When I read that they’d done that in the WIT I was so disappointed. Not clear whether that means there’s a fixed number of battlefields to play on or whether they generate similar-but-different battle areas on the fly but either way it’s a step backwards. The strategic-to-tactical conversion in Rome and MW2 did generate some weird scenarios at times – one army at the top of a mountain whilst the other was in a valley far below, or you’d find yourself with a deployment area consisting solely of forest. But if could also land you in some fun situations where you had to make the best of a poor deployment area then quickly scramble to a better position. Tweaking that to avoid the sillier scenarios and adding in some logistical and attrition elements, so that doing a Hannibal over the Alps would cost you time and troops, would have been a good way to go, they seem to have just added constraints to make life easier for themselves.

      • Feste says:

        I haven’t played enough to say how varied the battle maps are, but I was referring to the strategy map regarding the nodes. The map feels like arena/city clearings linked by lanes and the sea, to be honest it makes me wonder if it’s an attempt to cut down the amount of work the AI has to go through to make plans.

        That said, I just fought a successful river crossing defence against a force twice my size. There are still options open to you, it just seems far more obvious and planned for.

    • Razerkey says:

      Total war is about the battles not the campaign map.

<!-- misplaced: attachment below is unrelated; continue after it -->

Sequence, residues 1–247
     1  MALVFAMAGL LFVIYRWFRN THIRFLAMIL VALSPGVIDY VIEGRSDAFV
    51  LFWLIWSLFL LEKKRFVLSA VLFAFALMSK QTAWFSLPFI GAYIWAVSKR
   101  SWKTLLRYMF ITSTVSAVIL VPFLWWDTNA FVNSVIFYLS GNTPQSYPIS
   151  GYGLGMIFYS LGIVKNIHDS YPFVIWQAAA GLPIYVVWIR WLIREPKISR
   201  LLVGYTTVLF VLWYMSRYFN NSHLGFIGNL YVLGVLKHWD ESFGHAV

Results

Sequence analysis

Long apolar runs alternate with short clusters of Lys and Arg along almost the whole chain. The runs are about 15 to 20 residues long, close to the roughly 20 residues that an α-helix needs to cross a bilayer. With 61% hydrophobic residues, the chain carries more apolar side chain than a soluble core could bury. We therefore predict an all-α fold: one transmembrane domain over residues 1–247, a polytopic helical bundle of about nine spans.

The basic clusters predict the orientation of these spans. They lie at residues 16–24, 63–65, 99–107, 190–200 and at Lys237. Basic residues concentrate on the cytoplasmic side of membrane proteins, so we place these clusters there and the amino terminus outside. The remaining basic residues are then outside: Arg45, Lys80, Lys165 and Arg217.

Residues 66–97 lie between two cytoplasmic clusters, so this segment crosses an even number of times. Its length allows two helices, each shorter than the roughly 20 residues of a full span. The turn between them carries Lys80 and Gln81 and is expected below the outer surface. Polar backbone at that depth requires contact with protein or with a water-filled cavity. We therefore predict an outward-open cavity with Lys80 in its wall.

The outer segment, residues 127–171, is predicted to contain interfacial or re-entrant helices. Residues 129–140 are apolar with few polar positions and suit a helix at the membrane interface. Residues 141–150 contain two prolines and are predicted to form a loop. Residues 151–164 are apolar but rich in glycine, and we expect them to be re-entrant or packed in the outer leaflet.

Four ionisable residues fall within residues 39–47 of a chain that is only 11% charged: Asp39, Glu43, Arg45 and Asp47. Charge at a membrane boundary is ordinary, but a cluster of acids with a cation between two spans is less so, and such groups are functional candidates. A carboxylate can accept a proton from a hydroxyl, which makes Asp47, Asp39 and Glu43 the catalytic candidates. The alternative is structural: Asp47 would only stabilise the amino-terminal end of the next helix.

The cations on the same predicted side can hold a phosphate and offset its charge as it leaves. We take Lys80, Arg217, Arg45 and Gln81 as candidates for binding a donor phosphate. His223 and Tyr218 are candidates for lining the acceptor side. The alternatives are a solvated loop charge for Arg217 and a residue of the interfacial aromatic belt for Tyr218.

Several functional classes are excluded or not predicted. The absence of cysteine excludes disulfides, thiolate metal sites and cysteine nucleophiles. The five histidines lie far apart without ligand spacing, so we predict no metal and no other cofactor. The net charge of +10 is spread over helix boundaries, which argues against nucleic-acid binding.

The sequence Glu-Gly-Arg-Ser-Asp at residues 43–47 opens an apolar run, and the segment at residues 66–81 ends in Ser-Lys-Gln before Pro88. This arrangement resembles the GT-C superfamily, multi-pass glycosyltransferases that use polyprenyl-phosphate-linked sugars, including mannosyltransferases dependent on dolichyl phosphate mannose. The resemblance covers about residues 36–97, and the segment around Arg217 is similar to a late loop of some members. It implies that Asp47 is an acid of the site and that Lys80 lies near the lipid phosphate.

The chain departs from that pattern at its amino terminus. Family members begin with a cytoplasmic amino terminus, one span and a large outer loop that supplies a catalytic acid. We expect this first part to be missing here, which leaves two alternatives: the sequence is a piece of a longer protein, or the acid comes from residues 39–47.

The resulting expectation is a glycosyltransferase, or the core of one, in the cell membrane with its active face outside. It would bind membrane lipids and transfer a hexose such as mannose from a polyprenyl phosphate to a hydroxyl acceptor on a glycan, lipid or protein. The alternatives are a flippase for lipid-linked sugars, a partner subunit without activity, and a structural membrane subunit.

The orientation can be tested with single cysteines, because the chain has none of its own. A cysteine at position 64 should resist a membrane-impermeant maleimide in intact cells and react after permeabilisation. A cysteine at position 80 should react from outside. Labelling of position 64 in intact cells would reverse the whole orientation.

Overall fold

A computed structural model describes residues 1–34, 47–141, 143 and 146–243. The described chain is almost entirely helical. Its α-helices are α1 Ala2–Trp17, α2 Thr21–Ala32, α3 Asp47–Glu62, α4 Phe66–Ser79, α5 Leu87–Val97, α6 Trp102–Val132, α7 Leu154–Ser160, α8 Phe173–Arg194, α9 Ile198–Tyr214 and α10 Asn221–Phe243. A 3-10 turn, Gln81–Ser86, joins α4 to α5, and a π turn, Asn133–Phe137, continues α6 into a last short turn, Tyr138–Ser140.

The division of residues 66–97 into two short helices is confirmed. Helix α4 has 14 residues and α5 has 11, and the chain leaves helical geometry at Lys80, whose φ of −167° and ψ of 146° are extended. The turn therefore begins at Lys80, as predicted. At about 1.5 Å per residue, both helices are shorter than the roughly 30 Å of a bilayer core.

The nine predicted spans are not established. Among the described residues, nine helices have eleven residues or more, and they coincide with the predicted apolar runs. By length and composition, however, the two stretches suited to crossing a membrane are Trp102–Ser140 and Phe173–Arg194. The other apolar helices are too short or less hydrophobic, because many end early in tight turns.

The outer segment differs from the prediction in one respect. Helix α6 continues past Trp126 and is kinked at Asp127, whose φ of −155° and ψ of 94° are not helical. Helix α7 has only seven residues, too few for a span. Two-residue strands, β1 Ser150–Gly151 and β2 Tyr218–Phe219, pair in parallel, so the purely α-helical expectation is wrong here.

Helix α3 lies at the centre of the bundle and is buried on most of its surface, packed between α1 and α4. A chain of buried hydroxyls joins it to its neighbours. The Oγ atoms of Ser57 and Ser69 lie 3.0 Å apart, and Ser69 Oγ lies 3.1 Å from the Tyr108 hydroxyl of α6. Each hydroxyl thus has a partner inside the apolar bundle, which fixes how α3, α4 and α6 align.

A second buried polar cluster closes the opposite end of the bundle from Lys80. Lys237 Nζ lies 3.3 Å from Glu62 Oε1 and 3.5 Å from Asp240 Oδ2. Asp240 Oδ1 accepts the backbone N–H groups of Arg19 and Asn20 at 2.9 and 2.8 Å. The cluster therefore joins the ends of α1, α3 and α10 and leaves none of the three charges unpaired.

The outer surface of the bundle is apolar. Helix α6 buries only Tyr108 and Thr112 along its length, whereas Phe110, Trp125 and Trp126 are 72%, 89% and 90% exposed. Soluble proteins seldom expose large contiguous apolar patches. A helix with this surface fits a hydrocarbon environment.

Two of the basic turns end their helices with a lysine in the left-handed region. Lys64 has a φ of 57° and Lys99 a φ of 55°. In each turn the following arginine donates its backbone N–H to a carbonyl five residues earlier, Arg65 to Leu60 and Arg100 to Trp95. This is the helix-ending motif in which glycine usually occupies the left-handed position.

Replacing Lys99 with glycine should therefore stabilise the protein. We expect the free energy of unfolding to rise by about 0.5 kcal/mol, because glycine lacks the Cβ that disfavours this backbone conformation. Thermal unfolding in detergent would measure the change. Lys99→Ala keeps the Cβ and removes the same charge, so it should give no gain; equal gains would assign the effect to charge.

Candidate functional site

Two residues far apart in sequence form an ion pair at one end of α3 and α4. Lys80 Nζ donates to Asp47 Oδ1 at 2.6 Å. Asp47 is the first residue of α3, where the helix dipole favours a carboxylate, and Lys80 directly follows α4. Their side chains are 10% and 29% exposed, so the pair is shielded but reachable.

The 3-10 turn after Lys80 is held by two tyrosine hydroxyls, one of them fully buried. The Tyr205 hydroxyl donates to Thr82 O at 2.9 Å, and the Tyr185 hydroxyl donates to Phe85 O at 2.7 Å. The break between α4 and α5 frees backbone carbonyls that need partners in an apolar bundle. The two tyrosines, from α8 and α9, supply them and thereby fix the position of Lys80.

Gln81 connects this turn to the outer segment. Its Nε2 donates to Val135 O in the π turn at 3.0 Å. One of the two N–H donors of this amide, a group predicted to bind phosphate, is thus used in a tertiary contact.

• Max Planck says:

        You forgot “to me”.

      • bstard says:

        Maybe when you repeat this a few more times it becomes true. True! Truueeeeeee.

        Anyway the game sucks, the battles are boring since the AI is too lame to take initiative, and there’s nothing new to TW anymore. Take your lose, accept you stumbled into this 55euro’s graphics honey trap again, and move on.

  6. Bull0 says:

    Warhammer Battle March is sort of Warhammer Total War, and it’s… OK.

    • Max Planck says:

      I think it’ was a good deal worse than ok. I found it shallow and buggy, I hated the duel mechanic, and the publisher dropped it faster than you could say ‘shouldnthavebeendone’ and closed the forums without a word of communication.

      • Ringwraith says:

        The load times were horrible.
        Oh man, the load times.

      • Bull0 says:

        Bear in mind I didn’t touch it until I picked up a copy very cheaply from ebay a couple of months ago, and in that context I’m pretty at peace with it. If I’d paid full price for it at launch and treated it like serious business I’d probably be more disappointed, but that was years ago.

  7. Jimbo says:

    It’s unplayable for me, so I can’t recommend it either.

    Total War just seems like it’s destined to be a franchise where the expansion is always the one to play. The base game is usually a sprawling, bug-ridden mess, then for the expansion they tighten the focus and fix the stuff which they obviously knew was broken in the first place. I still usually enjoy the base games, but it’s Kingdoms, Napoleon, Fall of the Samurai etc. which stand out as the high points.